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Sweet Potato vodka

Potato Moonshine

Also known as vodka in many countries, this potato moonshine is a great test of skills for someone who knows their way around the still pretty well.

The mash side of the run requires some effort since you?ll have to free up the starch contained in the potatoes first, and then break it up into fermentable sugars. But besides that extra phase, the run itself shouldn?t pose any problems even for a novice moonshiner.

As for the barley malt, we have been liking Home Brew Ohio’s 2-Row found here:




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Just take the recipe step by step, and you?ll end up enjoying a nice clean potato moonshine which is a great clean base to use for our infusion recipes!

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Potato Moonshine
A great recipe to test out your shinin’ skills to achieve a high proof run!

  • 20 lbs of Potatoes
  • 1 lb of Table Sugar (granulated)
  • 2 lbs of Barley Malt (basic brewers or distillers, non-caramelized)
  • 7 gallons of Filtered Water
  • 1-2 packets of yeast (read our guide on moonshine yeast types)


  • Boiling Pot
  • Potato Masher
  • Fermentation Bucket
  • Mixing Spoon
  • Airlock
  • Siphon Tube
  • Moonshine Still

  1. Peel the potatoes and cut them in small 1-inch cubes.
  2. Put the potatoes in a pot and fill it with water until it covers the potatoes.
  3. Boil the potatoes for at least 15 minutes.
  4. Mash the boiled potatoes (it doesn’t need to be perfect)
  5. Transfer all of the solids and liquids from the pot into the fermentation bucket.
  6. Top it all off with at least 5 gallons of clean drinking water.
  7. Mix in the sugar with a spoon.
  8. Mix in malted barley (preferably pre-milled).
  9. Let the mixture cool to room temperature (or use a homebrew chiller to speed things up).
  10. Pitch the yeast.
  11. Close the fermenter, make sure the lid is airtight, put the airlock in place
  12. Monitor airlock activity, the fermentation should take about 2 weeks, wait until the bubbling in the airlock has stopped for at least 3-4 days.
  13. Open the fermenter, rack off any solids and sediment from the mash with a siphon tube into the still?s boiler.
  14. Fire up your still and run as normal!

Depending on still type you may get varying proof readings and dripping speeds.

To get authentic vodka you will either need a column still for a single run or a pot still with at least two, preferably three distillations back to back. See our guide on moonshine to learn more!

Discard the first 5oz (the heads) of your run.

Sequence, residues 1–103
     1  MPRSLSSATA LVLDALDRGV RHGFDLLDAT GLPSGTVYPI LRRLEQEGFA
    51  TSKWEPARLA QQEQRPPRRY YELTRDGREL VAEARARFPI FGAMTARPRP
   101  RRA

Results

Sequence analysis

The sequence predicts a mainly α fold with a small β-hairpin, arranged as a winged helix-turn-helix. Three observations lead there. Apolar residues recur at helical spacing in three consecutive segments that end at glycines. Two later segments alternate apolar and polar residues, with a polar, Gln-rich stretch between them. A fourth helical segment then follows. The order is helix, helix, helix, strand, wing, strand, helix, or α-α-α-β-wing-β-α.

Use small glass vessels to collect the spirit and divide the cuts.

Taste test the runs if necessary by mixing a small amount with cold water.

If you?re making vodka, the high proof spirit needs to be diluted (cut down) with an equal amount of clean drinking water.

Considering trying your hand at shinin’?

If you’re running this mash to make a good high proof Vodka (usually it’s intended purpose) you should be using a still that’s more capable of reaching higher proofs such as a reflux. The T-500 is our go-to recommendation for this because it’s easy to use:

But, if you’re into a little DIY and can build this kit from Clawhammer you can save a bit of coin at the cost of your time and effort:

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17 thoughts on “Potato Moonshine”

  1. I’ve done this recipe 4 times and I get about a gallon and a half of about 100-120 proof. It depends on how you distill it, proof wise. Also smaller buckets for me seem to ferment quicker, if your worried about turnover time.

  2. Hi Jean-Pierre,

    You absolutely can always substitute using Amylase for malted grains; we’ve used this before:

    Most products recommend 0.1-0.3 tsp per gallon of mash.

    If you’re not getting much reaction, check that the pH of your mash isn’t out of whack. You can get some cheap strips here:

    Let us know how it goes! And give us a follow on Facebook and Pinterest!

  3. no. you need barley or amylase. something has to convert the potato starch to sugar, for the yeast to eat to turn to ethanol.

  4. We made moonshine with corn mash and sugar and yeast no problems, malt barley wasn?t used. It turned out great!

  5. all you fermented was the sugar, the corn was only there for flavor not for alcohol . The malted grain supplies the enzymes to convert the starch to sugar.

  6. I’d keep the skins on, chop em in thirds, boil em, then mash em. Retaining flavours. Most flavours is under the skins 😉

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